How do you plan an outdoor education activity?

There are certain aspects that need to be considered before moving your lessons outdoors. Based on Williams’ and Wainwright’s (2015, p.2) template for incorporating adventure in the curriculum, aspects such as teachers’ expertise, pupils’ learning experiences, assessment and validation are important to be thought about beforehand. Criteria such as empowering students to control their own learning, take and manage risk as well as monitoring and adapting teaching approaches are vital to entail when planning an outdoor lesson.

Based on our research on outdoor education, inclusion and the provided model by Williams and Wainwright, we have created a template that can be used by teachers around the world to create an Inclusive Outdoor Education Lesson Plan.

Why use the IOELP?

In regard to Gordon, Meyer and Rose’s (2016) theory of Universal Design of Learning, three major networks control and influence our learning: the affective network, the recognition network and the strategic network. The affective network stimulates students’ interest and engagement for learning. Therefore, it is essential to establish a clear purpose for the learning and to make connections to their immediate environment in order to ensure students’ attention and engagement. An initial step is to evaluate all students’ current level, and to scaffold their knowledge to help them develop skills. Recognising students’ methods and content knowledge can help you to provide differentiated challenges for all.

The analysis of students’ needs aligns with the recognition network as well as the strategic network. Both reflect the idea of the embedded learning objective for students in the lesson plan. While the recognition network focuses on what is going to be learned in the lesson, the strategic network concentrates on how students are going to present their findings. The networks consider the variability of learners’ and ensures inclusion of all students, taking into account abilities and difficulties one may have. Implementing various means of representation for students to access information and opportunities for them to express their ideas and respond to the learning are decisive elements to create an inclusive environment (Gordon et al., 2016). Moreover, providing special accommodations or modifications help you to differentiate for students with special needs, especially in an outdoor environment.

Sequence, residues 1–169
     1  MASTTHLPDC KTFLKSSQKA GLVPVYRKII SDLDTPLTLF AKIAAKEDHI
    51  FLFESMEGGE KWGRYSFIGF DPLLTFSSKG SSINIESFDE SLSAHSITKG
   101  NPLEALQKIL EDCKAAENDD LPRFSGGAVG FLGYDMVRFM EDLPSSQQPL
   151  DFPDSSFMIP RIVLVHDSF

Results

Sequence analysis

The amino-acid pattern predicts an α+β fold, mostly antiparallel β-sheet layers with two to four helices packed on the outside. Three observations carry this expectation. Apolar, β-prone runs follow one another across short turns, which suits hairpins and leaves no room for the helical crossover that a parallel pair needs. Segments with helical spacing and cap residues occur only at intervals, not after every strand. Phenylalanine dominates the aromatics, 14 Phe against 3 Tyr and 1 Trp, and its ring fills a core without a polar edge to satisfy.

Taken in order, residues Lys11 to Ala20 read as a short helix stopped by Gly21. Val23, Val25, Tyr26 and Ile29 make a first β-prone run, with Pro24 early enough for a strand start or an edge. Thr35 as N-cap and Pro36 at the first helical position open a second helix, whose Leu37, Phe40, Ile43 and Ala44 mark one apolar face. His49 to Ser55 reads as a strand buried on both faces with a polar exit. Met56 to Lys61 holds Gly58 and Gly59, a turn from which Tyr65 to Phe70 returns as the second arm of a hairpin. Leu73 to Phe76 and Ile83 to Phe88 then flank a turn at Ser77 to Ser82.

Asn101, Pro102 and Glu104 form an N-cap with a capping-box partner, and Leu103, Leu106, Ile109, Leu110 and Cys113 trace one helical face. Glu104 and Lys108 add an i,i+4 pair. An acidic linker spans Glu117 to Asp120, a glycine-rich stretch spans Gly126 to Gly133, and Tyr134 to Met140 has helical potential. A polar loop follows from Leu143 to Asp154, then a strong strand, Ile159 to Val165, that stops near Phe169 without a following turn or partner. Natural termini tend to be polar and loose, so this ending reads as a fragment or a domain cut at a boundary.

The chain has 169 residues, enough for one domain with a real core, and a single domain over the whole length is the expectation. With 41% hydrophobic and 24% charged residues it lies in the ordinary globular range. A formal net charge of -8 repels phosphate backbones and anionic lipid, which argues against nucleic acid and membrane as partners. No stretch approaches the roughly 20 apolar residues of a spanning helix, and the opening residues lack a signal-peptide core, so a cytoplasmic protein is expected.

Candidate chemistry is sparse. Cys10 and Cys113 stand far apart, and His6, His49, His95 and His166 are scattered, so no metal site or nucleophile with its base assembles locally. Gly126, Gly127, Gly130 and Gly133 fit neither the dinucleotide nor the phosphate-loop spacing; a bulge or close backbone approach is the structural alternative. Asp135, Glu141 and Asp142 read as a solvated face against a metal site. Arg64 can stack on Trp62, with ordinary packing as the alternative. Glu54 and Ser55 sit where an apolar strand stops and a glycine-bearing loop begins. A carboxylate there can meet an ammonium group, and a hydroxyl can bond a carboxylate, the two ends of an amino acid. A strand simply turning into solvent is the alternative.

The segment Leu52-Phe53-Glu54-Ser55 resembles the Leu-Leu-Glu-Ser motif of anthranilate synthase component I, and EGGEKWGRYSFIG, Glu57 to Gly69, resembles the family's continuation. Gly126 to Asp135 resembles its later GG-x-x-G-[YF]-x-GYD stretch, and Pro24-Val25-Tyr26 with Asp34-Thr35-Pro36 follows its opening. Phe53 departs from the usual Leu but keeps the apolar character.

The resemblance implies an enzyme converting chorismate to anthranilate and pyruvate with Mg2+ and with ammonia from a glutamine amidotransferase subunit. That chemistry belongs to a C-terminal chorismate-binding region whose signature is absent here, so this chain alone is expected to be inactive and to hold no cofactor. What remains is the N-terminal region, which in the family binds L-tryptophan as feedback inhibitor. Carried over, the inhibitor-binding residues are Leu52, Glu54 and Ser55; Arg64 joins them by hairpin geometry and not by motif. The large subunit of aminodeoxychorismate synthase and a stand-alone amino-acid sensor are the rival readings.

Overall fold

Likewise, providing additional resources for all learners to use will foster everyone’s understanding. After creating an overview of the activities, timing and locations and the execution of the lesson, you should reflect on the outcome of your teaching and the learning experiences. This part can be a valuable tool for formative assessment of students’ learning. Reflection can help you to eliminate occurring barriers and improve teaching strategies, based on students’ behaviour and response to the outdoor environment.

Let’s Get Practical!

  1. Link to our lesson ideas.
  2. Learning Through Landscapes lesson ideas.
  3. Outdoor Classroom Day
  4. Yalp  (barrier free playgrounds)
  5. Outdoor homework ideas
  6. Wild About Learning: Outdoor Numeracy and Literacy Activities
  7. Forest Schools in Denmark





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Inclusive Perspectives in Primary Education Copyright © 2021 by room305 and Inclusive Education Class 2020-2021 is licensed under a Creative Commons Attribution-NonCommercial 4.0 International License, except where otherwise noted.

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